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  • Under Assessment
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Pouzarella alissae Largent & Bergemann

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Scientific name
Pouzarella alissae
Author
Largent & Bergemann
Common names
 
IUCN Specialist Group
Mushroom, Bracket and Puffball
Kingdom
Fungi
Phylum
Basidiomycota
Class
Agaricomycetes
Order
Agaricales
Family
Entolomataceae
Assessment status
Assessed
Preliminary Category
VU D1
Proposed by
Noah Siegel
Assessors
Noah Siegel
Comments etc.
Anders Dahlberg

Assessment Status Notes

ANDERS—- This one appears ready.

Justification

This small brown inconspicuous entolomatoid fungus is only recorded from California, USA. Normally a fungus like this would not be considered for red listing; a fairly nondescript, recently described (2015) species from a single collection. However, taking into account the fact that Dr. David Largent has spent 45 years living and looking for entolomatoid fungi in this area, and done a monograph on Entolomataceae in western North America, never found it. It is obviously a rare fungus, although certainly a overlooked by all except specialized mycologist. Only little can be stated about its distribution and the status and trend of the total population. We assess it as a very rare species with possibly a restricted distribution (old growth Coast Redwood forests on the north Coast of California) with a number of localities not exceeding 100, corresponding to less than 1000 mature individuals. We therefore assess it as Vulnerable using the criteria D1.


Taxonomic notes

A recently discovered (2013) and described species (Largent & Bergemann 2015).


Why suggested for a Global Red List Assessment?

Known from a single collection in old growth Coast Redwood forest, from an area where Entolomataceae have been intensively studied for close to 45 years.


Geographic range

Known from a single location in coastal northern Humboldt County, California, USA.


Population and Trends

A recently described species from old growth Coast Redwood forest. This was the first record of a Pouzarella from coastal Humboldt County. Dr. David Largent; who has spent over 45 years in the area, researching, hunting and surveying for fungi, (and specializing in Entolomataceae) had never found a Pouzarella in this area. Dr Largent published a monograph Entolomataceae in western North America (1994) and never found it. Despite extensive mushroom surveys over the past 40 years in Redwood National and State Parks, it’s currently known from a single collection, made in 2013. Despite many attempts to locate other populations in the area, it has not been found since. Even though it is a fairly nondescript species overlooked by all but specialized mycologists, it appear to be a very rare fungus. Soil-dwelling fungi like P. alissae generally have long-lived perennial mycelia and it is assessed that the species was present prior the finding and continue to be present in the area without fruiting. Only little can be stated about its distribution and the status and trend of the total population. We assess it as a very rare species with possibly a restricted distribution with the total number of localities not exceeding 100. Assuming on average 2 mycelial genotypes per locality and each genotype to correspond to maximum 5(-10) clones (i.e. mature individuals), the total population will correspond to less than 1000 mature individuals.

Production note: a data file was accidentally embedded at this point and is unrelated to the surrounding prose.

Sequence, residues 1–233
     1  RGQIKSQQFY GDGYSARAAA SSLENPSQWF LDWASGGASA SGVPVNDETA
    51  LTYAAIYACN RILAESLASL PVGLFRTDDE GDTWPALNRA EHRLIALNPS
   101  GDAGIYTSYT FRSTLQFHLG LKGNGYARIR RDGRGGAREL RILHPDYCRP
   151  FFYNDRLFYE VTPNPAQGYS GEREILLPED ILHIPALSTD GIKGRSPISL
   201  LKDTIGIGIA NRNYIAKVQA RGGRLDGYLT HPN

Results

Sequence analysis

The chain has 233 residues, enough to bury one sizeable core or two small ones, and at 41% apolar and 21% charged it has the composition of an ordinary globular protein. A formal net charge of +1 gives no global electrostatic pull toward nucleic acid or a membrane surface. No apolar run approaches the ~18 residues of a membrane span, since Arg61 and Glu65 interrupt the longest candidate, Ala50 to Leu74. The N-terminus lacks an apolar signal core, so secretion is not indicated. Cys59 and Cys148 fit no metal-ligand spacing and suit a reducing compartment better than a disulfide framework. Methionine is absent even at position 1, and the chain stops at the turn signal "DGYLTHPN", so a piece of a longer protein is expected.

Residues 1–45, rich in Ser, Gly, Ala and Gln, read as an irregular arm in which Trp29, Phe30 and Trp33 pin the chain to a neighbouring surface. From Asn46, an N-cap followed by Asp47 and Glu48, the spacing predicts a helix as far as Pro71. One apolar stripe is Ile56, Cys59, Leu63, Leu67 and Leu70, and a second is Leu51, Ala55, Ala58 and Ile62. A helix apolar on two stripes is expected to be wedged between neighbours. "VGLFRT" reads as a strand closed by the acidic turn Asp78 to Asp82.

Population Trend: Uncertain


Habitat and Ecology

Likely a saprobe, growing in duff, rotting bark and other debris under old growth Coast Redwood (Sequoia sempervirens), Big-leaf Maple, (Acer macrophyllum), and Sword Fern (Polystichum munitum).

Temperate Forest

Threats

Fire suppression seems to have had a negative effect on Hygrocybe, Leptonia and other Entolomatoid fungi in the old growth redwood forest; causing thick undergrowth of shrubs, especially Evergreen Huckleberry and Sword Fern. Many of the Hygrocybe, Leptonia and other Entolomatoid fungi need an open under story.

Unintentional effects: subsistence/small scale (species being assessed is not the target) [harvest]Unintentional effects: large scale (species being assessed is not the target) [harvest]Increase in fire frequency/intensity

Conservation Actions

Most remaining old growth redwood forests are protected in parks and reserves. However, year of fire suppression in these areas has drastically changed the habitat; from more open groves with an open under story, to denser groves with thick Sword Fern and huckleberry. Such habitat is not suited for many of the Entolomatoid and Hygrocyboid fungi, which need the open, and often lightly disturbed ground to fruit.


Research needed

More surveys within the only area where its presently is known from and other potential areas to locate other locations and the distribution of this species.

If understory burns will promote the growth of some of the rare Hygrocybe and Entoloma in the area.

Population size, distribution & trendsHarvest, use & livelihoods

Use and Trade

None.


Bibliography

Largent, D. L. (1994). Entolomatoid fungi of the western United States and Alaska. Eureka, CA: Mad River Press. 516 pp.

Largent, David L.; Bergemann, Sarah E. Pouzarella alissae, a new species from northwestern California, United States
Mycotaxon, Volume 130 (4), October-December 2015. pp. 1153-1164(12)

Siegel, N. & C. Schwarz. 2016. Mushrooms of the Redwood Coast: A Comprehensive Guide to the Fungi of Coastal Northern California. Ten Speed Press, Emeryville, CA.


Known distribution - countries

Regional Population and Trends

Country Trend Redlisted